We also detected the expression of circSATB2, miR-326 and FSCN1 in NSCLC and normal adjacent tissues by qPCR. circSATB2 and FSCN1 were upregulated while miR-326 was downregulated in lung cancer compared with normal adjacent tissues, as well as in metastatic compared with non-metastatic lung cancer tissues. Furthermore, analysis of the clinical characteristics of these lung cancer cohorts suggested that circSATB2 and FSCN1 were positively related to lung cancer lymphatic metastasis, while miR-326 was negatively related. There was also a positive correlation between circSATB2 and FSCN1 expression, while miR-326 was negatively correlated with circSATB2 and FSCN1 expression. These results further demonstrate circSATB2 is related to NSCLC progression.
The early stage of lung cancer is often undiagnosed, resulting in delayed prognosis and poor treatment options. A blood biomarker would be helpful for convenient clinical diagnosis of NSCLC. Circular RNAs are abundant and more stable in exosomes , indicating the potential ability of exosomal circRNAs to serve as a biomarker in NSCLC. We found circSATB2 expression was higher in exosomes from serum of NSCLC patients compared with exosomes from non-cancerous donors, and was related to lung cancer lymphatic metastasis. ROC curve analysis demonstrated higher sensitivity and specificity for exosomal circSATB2 detection in exosomes from serum of NSCLC patients than from non-cancerous donors. These data support the potential of circSATB2 as an exosomal biomarker in lung cancer and metastatic lung cancer.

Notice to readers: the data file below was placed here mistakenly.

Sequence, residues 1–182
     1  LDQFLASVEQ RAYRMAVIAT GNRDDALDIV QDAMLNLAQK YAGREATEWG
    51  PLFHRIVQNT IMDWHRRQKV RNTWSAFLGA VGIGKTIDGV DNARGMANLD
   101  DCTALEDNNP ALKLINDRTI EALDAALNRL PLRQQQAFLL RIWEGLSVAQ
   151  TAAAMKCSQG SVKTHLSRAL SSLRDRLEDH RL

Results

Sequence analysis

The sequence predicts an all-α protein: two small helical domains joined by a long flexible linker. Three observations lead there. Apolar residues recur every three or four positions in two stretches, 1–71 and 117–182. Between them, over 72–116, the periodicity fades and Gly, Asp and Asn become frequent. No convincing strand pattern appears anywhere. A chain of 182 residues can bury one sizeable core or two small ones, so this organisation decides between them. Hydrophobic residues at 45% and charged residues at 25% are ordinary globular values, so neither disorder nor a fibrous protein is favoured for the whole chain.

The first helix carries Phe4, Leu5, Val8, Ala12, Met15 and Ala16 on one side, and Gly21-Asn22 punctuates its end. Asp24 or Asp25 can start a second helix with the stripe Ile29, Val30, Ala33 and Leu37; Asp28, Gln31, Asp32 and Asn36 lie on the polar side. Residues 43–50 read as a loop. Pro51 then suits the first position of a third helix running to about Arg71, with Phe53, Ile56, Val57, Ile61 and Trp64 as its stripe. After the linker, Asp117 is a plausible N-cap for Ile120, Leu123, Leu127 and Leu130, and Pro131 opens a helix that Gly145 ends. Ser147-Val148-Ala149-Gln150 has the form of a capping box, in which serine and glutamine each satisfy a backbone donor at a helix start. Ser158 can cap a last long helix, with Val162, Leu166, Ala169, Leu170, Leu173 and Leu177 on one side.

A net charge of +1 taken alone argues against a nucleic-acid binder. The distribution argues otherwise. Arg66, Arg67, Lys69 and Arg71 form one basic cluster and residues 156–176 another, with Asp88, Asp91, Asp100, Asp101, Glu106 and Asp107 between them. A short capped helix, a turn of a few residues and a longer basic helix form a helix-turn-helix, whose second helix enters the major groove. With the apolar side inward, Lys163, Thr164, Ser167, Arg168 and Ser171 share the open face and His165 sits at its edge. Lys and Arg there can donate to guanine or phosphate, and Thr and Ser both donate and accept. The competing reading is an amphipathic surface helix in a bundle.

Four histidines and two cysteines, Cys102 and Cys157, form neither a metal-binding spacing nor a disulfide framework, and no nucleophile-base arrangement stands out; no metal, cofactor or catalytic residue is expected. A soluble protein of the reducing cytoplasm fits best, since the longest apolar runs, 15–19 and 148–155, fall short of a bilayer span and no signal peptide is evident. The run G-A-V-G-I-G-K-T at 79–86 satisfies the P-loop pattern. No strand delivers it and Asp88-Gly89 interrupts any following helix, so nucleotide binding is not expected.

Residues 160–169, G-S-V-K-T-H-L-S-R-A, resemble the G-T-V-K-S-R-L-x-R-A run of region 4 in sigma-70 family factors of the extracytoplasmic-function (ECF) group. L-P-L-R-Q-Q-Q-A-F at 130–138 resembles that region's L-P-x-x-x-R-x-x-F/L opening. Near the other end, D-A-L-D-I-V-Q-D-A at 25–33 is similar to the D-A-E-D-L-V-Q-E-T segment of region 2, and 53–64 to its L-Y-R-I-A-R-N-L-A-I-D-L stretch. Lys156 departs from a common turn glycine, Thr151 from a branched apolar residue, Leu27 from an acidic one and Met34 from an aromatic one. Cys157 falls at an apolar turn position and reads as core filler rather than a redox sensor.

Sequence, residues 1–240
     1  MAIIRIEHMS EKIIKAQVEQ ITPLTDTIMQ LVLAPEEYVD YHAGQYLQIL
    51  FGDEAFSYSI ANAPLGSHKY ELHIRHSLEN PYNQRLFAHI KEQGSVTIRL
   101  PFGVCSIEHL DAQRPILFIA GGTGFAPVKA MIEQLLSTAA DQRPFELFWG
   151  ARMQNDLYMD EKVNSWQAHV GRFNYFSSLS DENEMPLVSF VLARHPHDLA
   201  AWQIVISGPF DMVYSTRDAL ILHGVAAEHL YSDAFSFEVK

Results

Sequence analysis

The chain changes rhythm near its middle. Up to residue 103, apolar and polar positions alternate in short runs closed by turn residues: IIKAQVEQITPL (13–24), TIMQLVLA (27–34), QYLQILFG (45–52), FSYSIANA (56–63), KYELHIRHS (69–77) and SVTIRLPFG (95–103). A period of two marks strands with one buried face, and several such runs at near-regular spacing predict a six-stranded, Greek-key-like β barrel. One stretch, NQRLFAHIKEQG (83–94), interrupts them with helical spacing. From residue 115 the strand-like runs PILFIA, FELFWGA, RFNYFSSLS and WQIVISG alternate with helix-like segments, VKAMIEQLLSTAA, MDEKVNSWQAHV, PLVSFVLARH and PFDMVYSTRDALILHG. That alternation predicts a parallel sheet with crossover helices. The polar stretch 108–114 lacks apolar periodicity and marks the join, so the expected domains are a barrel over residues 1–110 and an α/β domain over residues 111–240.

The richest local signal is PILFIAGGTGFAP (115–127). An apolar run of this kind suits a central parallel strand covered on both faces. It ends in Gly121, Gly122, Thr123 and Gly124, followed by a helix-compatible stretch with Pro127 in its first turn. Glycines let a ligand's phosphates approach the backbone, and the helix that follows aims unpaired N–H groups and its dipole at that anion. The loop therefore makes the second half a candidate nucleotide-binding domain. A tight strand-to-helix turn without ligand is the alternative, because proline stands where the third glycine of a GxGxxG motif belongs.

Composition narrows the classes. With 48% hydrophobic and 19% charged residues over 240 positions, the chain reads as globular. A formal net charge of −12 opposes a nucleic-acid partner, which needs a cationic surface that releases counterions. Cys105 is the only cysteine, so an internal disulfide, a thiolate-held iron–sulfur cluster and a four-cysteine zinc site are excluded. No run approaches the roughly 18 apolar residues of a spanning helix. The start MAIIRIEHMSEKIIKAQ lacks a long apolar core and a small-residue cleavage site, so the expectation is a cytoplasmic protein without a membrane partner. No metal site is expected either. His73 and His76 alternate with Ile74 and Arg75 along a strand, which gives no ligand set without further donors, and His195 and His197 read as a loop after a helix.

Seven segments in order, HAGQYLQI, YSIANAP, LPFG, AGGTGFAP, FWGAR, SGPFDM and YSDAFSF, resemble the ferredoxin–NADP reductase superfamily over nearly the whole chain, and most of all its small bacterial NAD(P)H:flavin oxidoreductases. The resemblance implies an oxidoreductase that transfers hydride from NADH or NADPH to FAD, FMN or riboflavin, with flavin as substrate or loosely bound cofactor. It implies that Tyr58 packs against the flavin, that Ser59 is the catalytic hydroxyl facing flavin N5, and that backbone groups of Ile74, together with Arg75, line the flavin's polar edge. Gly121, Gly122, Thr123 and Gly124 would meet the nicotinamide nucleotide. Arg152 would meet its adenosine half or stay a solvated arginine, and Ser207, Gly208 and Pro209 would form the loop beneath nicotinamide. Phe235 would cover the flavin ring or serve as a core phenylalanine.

In summary, we demonstrated that circSATB2 plays a notable role in the progression of NSCLC. In NSCLC cells, circSATB2 may regulate FSCN1 expression via direct binding to miR-326 to further promote the cell proliferation, migration and invasion. Moreover, circSATB2 could participate in cell-to-cell communication and affect function of recipient cell. This study has provided the new evidence to our knowledge for the function of circSATB2, demonstrating a key role and the molecular mechanism of circRNAs in the development of NSCLC, and has revealed their potential as biomarkers for clinical detection. This study has thus provided a new perspective in research on circRNAs in NSCLC, as well as a scientific basis for novel developments in the diagnosis and treatment of lung cancer.